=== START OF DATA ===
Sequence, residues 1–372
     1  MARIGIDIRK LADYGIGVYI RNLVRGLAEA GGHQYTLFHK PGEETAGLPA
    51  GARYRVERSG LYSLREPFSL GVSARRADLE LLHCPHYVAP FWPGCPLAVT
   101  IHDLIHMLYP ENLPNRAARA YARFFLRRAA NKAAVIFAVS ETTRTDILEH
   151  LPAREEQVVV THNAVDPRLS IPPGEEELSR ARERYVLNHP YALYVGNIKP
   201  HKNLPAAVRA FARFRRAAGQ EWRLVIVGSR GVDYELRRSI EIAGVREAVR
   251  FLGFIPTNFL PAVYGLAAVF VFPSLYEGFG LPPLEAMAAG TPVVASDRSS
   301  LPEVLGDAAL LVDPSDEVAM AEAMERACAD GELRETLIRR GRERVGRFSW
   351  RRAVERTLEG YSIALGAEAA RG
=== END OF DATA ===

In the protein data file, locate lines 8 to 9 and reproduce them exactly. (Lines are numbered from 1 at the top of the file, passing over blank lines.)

   301  LPEVLGDAAL LVDPSDEVAM AEAMERACAD GELRETLIRR GRERVGRFSW
   351  RRAVERTLEG YSIALGAEAA RG